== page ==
Sunday, June 30, 2013

Hallelujah Anyhow

I just got back last night from  YASC Orientation.  I had an amazing time and really began to think of my fellow missionaries as family!  I promise to have a longer, better blog about my experience in the next day or so, but for now I'm still trying to wrap my head around it all. 

In the mean time, check out the "Global Partnerships of the Episcopal Church" blog.  Their most recent post (June 25) is a reflection done by Paul Daniels II, who is a friend and fellow YASCer.  Paul is from the Diocese of North Carolina and will be serving in South Africa.  He has a gift with words and this reflection brings me to tears!

Find it here:

Wednesday, June 12, 2013

Faith Like a Chairlift

You know those times in your life when you just feel lucky to be doing what you are doing...

I got back into town on Monday night from one of the most amazing trips of my life!  As I said in my last post, I was one of 3 adults who went with a group of 8 teenagers to Taize, France for a week.  I went on this journey with an open heart and an open mind, hoping to take in as much as I could, not really expecting what I found there.

We began our journey in Paris, France with what can only be described as the fastest all day sight seeing tour in the world.  We took in a modern art museum, walked around outside the Louvre, ate croissants outside at a little café, and walked for what seemed like the whole day.  After 16 hours of travel and our tour, we were all ready for a good night's sleep!

The famous glass pyramid at The Louvre
The next morning, we took the Metro to the train station, a train to a bus station, and a bus to the Taize community.  It was a really slow week at Taize, with only about 500 people.  We were welcomed by a team of volunteers who served us honey bread and tea then helped us figure out what our week was going to look like.  I received my room assignment, meal card, and my assigned "practical work" for the week.
Then, I began a week of spiritual reflection.  I spent my mornings in quiet, writing in my journal or reflecting on the previous day's Bible study.  My afternoons were spent in song practice and at Bible study.  Each day, one of the brothers of the community presented the day's lesson to the large group of 20-29 year olds.  The theme for this year at Taize is "Uncovering the Wellspring of Faith," and our readings reflected this.  The brother helped me look at the lessons from all different sides, something I like to do anyway.  Then, we broke into small groups of about 8-10 people to discuss the lesson.
My group changed quite a bit during the week.  The nature of the Taize community is such that, while most people go for an entire week, it is not common for someone to stay for only a short time.  There is also the opportunity for those my age to finish the week in silence.  Because of this, our group never looked the same two days in a row.  I did, however, have the opportunity to discuss the Bible and faith with people from Germany, France, Ukraine, South Korea, and Pennsylvania.  Having the experience of discussing faith in English with people from all over the world was AMAZING!!  Here is a short 7 minute video about Taize that gives you a really good idea about what the experience is like.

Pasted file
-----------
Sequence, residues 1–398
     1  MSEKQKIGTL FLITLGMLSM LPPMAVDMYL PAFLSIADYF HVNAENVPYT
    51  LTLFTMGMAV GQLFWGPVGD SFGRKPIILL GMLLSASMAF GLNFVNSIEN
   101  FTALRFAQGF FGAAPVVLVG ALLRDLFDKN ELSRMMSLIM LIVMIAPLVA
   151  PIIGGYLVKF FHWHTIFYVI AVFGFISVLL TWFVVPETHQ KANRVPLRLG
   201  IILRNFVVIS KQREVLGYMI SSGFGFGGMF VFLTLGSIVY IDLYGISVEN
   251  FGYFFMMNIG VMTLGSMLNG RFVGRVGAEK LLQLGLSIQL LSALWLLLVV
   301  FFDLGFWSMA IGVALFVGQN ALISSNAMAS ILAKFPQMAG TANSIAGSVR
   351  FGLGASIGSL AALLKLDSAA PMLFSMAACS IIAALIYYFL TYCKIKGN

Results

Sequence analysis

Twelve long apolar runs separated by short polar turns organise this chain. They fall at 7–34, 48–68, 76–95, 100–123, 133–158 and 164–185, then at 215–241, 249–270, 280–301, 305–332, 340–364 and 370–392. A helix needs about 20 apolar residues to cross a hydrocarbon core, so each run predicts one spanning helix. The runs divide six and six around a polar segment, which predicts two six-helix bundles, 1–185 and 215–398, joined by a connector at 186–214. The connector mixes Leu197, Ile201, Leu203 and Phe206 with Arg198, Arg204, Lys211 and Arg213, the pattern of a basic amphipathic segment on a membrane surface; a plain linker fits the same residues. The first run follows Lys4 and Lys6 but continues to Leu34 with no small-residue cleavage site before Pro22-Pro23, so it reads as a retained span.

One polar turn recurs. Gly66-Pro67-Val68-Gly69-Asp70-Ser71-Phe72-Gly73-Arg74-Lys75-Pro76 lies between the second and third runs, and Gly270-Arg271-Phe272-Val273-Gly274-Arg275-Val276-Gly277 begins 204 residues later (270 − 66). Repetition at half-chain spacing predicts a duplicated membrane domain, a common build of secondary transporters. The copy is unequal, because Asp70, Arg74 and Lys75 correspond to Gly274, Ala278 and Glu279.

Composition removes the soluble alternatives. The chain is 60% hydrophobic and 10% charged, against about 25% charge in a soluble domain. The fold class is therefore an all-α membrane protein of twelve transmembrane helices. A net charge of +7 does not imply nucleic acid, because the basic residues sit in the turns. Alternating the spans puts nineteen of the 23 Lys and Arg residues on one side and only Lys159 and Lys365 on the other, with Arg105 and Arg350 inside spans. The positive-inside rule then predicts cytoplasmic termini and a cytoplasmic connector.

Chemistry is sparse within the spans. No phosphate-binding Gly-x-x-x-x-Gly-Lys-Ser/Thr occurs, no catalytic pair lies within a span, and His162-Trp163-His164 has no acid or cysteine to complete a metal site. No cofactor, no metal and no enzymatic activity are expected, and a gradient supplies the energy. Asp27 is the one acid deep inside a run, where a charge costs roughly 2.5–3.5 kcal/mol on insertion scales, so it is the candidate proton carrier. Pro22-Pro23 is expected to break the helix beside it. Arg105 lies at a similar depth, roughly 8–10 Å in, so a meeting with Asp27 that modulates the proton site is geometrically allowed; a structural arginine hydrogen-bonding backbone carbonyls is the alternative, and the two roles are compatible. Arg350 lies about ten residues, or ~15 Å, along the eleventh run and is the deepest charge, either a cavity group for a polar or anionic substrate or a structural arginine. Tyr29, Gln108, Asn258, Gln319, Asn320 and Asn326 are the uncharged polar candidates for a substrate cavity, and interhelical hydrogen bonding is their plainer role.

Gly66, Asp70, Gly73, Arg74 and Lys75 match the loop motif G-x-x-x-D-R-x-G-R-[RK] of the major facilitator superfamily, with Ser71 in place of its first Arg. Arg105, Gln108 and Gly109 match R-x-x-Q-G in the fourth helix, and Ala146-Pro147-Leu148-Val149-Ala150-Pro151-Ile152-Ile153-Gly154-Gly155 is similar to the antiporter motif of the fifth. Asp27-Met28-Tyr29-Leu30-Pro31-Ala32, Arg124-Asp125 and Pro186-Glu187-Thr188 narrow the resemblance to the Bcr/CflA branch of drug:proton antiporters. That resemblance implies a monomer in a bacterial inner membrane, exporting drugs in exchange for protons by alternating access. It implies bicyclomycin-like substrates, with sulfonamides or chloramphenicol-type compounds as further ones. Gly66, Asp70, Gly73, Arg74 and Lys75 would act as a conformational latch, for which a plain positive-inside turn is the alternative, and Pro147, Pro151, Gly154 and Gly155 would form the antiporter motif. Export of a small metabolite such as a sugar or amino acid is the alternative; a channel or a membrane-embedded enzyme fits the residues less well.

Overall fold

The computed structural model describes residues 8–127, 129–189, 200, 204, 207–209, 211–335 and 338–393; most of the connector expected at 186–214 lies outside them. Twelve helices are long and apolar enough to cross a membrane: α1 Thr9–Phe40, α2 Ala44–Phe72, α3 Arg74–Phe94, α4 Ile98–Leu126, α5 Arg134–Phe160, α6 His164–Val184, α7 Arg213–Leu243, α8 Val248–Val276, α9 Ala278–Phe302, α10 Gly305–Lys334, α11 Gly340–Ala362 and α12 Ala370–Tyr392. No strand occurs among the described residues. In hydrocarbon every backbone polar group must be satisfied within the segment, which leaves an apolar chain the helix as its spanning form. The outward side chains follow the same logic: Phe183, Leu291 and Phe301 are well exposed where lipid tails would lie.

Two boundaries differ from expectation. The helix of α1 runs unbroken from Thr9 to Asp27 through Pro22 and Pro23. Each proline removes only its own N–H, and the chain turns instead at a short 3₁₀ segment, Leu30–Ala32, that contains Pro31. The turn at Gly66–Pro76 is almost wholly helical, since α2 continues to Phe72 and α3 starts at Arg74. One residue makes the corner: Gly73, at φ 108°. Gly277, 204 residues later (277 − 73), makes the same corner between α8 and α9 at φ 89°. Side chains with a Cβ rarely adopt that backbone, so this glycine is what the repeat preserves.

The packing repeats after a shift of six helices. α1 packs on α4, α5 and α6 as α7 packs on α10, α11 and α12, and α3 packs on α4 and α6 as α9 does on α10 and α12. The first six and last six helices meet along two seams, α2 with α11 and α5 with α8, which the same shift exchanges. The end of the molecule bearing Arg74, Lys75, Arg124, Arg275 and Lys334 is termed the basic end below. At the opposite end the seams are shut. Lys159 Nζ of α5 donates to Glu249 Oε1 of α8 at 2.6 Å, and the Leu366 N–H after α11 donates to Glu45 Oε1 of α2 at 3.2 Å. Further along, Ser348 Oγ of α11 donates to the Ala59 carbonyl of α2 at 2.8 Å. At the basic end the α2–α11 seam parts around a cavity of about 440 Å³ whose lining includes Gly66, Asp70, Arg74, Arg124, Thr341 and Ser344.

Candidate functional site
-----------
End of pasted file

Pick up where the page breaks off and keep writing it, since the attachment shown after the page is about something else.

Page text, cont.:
You aren't asked to do much in Taize.  "The program" (as they call it) includes practical work, Bible study, and prayer 3 times a day.  This last part was, for me, the most important part.  A service in Taize includes music and readings from the Bible.  It was here that I really felt close to God.  As I sat on the floor in silence and my legs fell asleep, I felt connected in a way I have never felt before.  This experience is hard to describe, but I couldn't get enough of it!
Inside the church at Taize
One of my goals while at Taize was to be there.  I didn't want to think about anything happening back home, including my YASC year.  I quickly realized that this was not going to happen.  I had several opportunities over the week to talk to others about Tanzania and the work I will be doing there.  My small group was particularly interested and continued to turn our conversations on faith toward me.  We talked about going on a journey and the things we leave behind, and we talked about Tanzania.  We talked about having faith that the things we are doing are right for us, and we talked about Tanzania.  We talked about welcoming others into our lives who are more different than similar, and we talked about Tanzania. 
I also had a conversation with another American woman and her friends.  She is a Lutheran Deaconess and spent a lot of her childhood in Kenya.  The group she travelled with contained several women who had all taken part in overseas mission trips, a few of which took place in Africa.  Our brief conversation was full of tips for living in Africa, ideas of things to bring with me, and well wishes.  At the end of the conversation, she asked if they could pray for me.  She called over her group of friends and invited a couple of other people who were nearby to join us.  It is a powerful experience to be supported in prayer by people you hardly know. 
At the end of our week, we said goodbye to our new friends and returned to Paris for an evening on the town.  We ate at another café, took a boat ride on "La Seine", and climbed the "Tour Eiffel."  It was a great way to end a fantastic week!
So, why the title "Faith Like a Chairlift?"
During one of our small group discussions about the importance of faith, one of the members in my group compared faith to a chairlift.  He said it's not always easy to get on or off, there are other ways to get where you're going, but they aren't nearly as easy, you have to keep coming back to it, and sometimes you get painfully dumped off.  This is a great reminder as I look at my coming year!